Today's post is from Laura Atkins of Word to the Wise. She relates a frustration that I personally share: Google's seeming lack of caring about abuse emanating from their own networks and services. She writes:
So, SRV records help you publish data for your domain, helping for easy (or auto) configuration of an email client for using mail at that domain. Should I implement SRV records for my domain? Is it widely used by MUAs or mobile devices like iPhones and Android Phones? Is it a security risk to tell people where my IMAP/POP3 servers live? What do you think?
I asked fellow blogger (and email expert) John Levine the following: "The Supreme Court overturned the Jaynes conviction on First Amendment grounds, yes? I'm wondering what that could mean from the spam filtering perspective." Find his very detailed answer here.
I've been talking to folks a lot these past couple of days about the potential legalities around blocking unwanted spam from non-profit, political or advocacy senders. From what I understand, this is pretty likely to be legal. The first amendment limits government action as it relates to restricting speech. But the first amendment doesn't apply to private parties; there is no constitutional "right" that private party number one must accept a message from private party number two. That seems cut and dry. CAN-SPAM certainly doesn't touch on it; it doesn't say a spam filterer can't block certain kinds of messages.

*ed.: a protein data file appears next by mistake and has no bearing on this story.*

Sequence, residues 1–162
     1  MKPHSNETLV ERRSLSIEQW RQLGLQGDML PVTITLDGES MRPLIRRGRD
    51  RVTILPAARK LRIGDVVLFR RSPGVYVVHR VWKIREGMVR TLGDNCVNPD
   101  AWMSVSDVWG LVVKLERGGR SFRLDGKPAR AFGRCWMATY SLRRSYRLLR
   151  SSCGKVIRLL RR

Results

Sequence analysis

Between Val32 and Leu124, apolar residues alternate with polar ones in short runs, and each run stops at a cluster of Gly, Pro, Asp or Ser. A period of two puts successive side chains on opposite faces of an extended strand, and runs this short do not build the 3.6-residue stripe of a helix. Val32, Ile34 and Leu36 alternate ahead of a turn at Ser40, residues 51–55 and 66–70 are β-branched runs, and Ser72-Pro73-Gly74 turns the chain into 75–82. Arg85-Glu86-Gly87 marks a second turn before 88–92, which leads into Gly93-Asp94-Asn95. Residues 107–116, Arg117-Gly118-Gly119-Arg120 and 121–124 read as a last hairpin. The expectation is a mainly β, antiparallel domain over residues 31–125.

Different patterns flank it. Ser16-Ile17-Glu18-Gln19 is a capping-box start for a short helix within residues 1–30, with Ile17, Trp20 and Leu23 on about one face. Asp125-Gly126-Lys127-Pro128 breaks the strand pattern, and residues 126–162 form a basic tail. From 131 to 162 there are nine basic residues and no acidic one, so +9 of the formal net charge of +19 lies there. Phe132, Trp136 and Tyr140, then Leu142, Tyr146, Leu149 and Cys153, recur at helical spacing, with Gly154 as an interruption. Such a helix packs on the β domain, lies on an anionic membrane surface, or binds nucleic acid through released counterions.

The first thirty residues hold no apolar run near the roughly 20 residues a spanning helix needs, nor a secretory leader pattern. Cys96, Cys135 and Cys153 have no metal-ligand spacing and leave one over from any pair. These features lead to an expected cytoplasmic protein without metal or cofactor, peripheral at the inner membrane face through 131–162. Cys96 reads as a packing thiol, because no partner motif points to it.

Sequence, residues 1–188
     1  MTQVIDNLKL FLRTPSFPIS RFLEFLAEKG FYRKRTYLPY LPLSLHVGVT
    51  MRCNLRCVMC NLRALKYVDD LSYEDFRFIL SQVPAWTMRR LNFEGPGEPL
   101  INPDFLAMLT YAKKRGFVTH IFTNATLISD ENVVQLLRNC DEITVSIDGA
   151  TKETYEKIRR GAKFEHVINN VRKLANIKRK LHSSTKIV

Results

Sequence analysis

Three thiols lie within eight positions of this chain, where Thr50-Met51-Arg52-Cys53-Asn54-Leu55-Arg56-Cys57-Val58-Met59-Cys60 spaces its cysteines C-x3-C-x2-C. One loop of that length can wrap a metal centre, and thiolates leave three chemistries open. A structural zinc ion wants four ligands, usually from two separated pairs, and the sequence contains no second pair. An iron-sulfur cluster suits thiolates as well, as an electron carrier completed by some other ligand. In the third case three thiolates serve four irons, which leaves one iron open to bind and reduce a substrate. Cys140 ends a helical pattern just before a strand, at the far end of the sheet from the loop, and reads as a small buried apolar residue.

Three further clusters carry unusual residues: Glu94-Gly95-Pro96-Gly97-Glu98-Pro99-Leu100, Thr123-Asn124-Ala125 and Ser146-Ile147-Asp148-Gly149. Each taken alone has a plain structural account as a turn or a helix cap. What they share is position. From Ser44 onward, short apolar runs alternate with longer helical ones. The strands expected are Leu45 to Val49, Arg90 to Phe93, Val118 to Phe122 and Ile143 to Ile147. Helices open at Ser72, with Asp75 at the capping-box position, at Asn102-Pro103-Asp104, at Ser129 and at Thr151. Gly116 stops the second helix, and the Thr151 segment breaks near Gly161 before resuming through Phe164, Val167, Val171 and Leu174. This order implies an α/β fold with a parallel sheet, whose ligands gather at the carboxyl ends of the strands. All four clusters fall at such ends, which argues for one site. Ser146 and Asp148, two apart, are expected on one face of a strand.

Yesterday on Twitter, somebody asked about how DNSBLs are restricted by the First Amendment to the United States Constitution. Apparently there's some advocacy group somewhere who is upset that they're listed on a blacklist, and they seem to be investigating potential opportunities for legal recourse.